violating a provision of the Pennsylvania Code (58 Pa. Code section 137.1)

      with which she was not charged.

      ¶ 14 Our standard of review of a trial court's adjudication entered following


      de novo trial on a summary offense has been summarized as follows:

      [An appellate court's review of a]

      de novo trial on a

      summary offense is limited to whether the trial court

      committed an error of law and whether the findings of the

      trial court are supported by competent evidence. The

      adjudication of the trial court will not be disturbed on

      appeal absent a manifest abuse of discretion. An abuse of

      the Commonwealth Court has jurisdiction over criminal proceedings for

      violations of regulatory statutes administered by Commonwealth agencies).

      However, because oral argument has already occurred and the parties have

      not challenged the Superior Court's jurisdiction, we will, in the interest of

      judicial economy, address the merits of the issues raised in the appeal.


      , 678 A.2d at 370 n. 2. See also Pa.R.A.P. 741(a) (stating that

      "[t]he failure of an appellee to file an objection to the jurisdiction of an

      appellate court . . . shall . . . operate to perfect the appellate jurisdiction of

      such appellate court, notwithstanding any provision of law vesting

      jurisdiction of such appeal in another appellate court").

      Discretion exists when the trial court has rendered a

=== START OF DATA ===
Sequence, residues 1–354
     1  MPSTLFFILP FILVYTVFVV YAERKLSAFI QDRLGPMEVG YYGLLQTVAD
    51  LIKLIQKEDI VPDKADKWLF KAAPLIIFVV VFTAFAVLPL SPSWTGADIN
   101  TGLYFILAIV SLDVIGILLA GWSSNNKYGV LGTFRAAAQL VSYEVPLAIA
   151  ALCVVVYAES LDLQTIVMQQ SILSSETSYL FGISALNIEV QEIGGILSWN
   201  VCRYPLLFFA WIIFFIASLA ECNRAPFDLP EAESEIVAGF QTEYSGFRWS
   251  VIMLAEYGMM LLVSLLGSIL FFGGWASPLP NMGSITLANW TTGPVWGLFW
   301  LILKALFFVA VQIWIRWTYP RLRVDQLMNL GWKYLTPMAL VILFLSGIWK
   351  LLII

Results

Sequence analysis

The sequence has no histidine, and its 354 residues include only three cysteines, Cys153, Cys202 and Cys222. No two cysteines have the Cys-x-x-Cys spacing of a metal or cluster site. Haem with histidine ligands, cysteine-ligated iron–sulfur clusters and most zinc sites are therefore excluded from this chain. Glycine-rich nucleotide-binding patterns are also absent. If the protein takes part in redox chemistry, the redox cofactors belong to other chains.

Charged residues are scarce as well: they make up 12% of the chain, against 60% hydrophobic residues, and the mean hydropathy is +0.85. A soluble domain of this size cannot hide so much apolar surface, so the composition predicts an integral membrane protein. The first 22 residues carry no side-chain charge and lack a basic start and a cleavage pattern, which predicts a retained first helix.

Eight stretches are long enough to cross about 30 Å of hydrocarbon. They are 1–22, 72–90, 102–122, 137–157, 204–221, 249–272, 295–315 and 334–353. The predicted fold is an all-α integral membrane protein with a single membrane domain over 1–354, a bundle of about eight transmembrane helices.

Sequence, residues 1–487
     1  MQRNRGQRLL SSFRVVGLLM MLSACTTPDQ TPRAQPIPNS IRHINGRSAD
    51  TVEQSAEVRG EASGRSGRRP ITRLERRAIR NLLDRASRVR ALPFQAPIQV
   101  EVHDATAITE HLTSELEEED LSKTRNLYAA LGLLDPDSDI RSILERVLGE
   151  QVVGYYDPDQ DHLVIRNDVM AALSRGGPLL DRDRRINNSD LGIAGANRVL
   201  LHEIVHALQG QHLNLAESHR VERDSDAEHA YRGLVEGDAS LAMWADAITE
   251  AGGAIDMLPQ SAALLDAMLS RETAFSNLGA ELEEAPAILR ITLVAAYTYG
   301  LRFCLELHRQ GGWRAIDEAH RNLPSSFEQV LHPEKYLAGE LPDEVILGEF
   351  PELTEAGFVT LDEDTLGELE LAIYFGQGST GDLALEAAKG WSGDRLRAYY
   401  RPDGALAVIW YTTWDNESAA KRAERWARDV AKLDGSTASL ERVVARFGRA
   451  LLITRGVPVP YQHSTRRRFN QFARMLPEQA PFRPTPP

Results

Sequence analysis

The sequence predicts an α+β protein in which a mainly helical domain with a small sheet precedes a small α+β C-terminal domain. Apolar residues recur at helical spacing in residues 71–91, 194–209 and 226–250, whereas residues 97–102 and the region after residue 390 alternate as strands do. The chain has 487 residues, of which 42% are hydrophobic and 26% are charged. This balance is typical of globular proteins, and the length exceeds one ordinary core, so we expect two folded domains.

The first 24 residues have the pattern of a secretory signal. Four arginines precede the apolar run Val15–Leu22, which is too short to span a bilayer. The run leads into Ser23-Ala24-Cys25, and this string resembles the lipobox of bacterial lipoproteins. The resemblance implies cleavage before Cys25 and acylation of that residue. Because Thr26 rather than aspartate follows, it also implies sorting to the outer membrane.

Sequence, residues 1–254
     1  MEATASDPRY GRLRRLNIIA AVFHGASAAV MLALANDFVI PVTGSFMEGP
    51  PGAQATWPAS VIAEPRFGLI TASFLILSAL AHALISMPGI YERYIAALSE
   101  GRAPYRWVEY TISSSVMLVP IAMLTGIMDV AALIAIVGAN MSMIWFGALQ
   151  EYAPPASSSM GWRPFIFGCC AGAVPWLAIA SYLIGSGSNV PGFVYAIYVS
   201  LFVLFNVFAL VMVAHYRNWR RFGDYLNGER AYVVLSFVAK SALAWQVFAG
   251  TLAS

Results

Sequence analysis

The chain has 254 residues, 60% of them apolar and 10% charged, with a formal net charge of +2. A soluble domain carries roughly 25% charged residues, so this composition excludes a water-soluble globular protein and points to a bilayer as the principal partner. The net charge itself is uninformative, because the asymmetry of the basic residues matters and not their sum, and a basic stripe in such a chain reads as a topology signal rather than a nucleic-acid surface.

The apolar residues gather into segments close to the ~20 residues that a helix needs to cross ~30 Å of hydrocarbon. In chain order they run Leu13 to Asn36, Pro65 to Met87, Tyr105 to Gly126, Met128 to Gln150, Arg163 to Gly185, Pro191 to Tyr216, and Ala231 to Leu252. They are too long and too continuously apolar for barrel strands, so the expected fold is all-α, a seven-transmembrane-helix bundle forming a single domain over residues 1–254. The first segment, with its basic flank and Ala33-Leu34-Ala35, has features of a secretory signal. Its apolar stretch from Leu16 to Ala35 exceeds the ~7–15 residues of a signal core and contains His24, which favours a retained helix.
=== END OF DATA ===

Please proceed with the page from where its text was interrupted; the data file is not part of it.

judgment that is manifestly unreasonable, arbitrary, or

      capricious, has failed to apply the law, or was motivated by

      partiality, prejudice, bias, or ill will.

      Commonwealth v. Parks

      , 768 A.2d 1168, 1171 (Pa. Super. 2001)

      (citations and quotation marks omitted). Moreover, because the issues on

      appeal concern the interpretation of a statute, it is purely a question of law,

      over which our review is plenary.

      R.M. v. Baxter, 565 Pa. 619, 624, 777

      A.2d 446, 449 (2001).

      ¶ 15 This case concerns the interpretation of 34 Pa.C.S.A. section 2307,

      under which Appellant was charged and convicted. Section 2307 provides,

      in relevant part, as follows:

      § 2307. Unlawful taking or possession of game or wildlife

      (a) General rule.–

      It is unlawful for any person to

      aid, abet, attempt or conspire to hunt for or take or

      possess, use, transport or conceal any game or

      wildlife unlawfully taken or not properly marked or

      any part thereof, or to hunt for, trap, take, kill,

      transport, conceal, possess or use any game or

      wildlife contrary to the provisions of this title.

      * * *

      (c) Wild Birds and wild animals taken outside


      Nothing in this title shall prohibit

      the possession, at any time, of wild birds or wild

      animals lawfully taken outside of this

      Commonwealth which are tagged and marked in

      accordance with the laws of the state or nation

      where the wild birds or wild animals were taken. It

      is unlawful to transport or possess wild birds or wild

      animals from another state or nation which have

      been unlawfully taken, killed or exported.

      34 Pa.C.S.A. § 2307 (a) and (c). "The basic tenet of statutory construction

      requires a court to construe the words of the statute according to their plain


      Grom v. Burgoon, 672 A.2d 823, 825 (Pa. Super. 1996)

      "[W]ords and phrases contained in a statute shall be construed according to

      rules of grammar and according to their common and approved usage."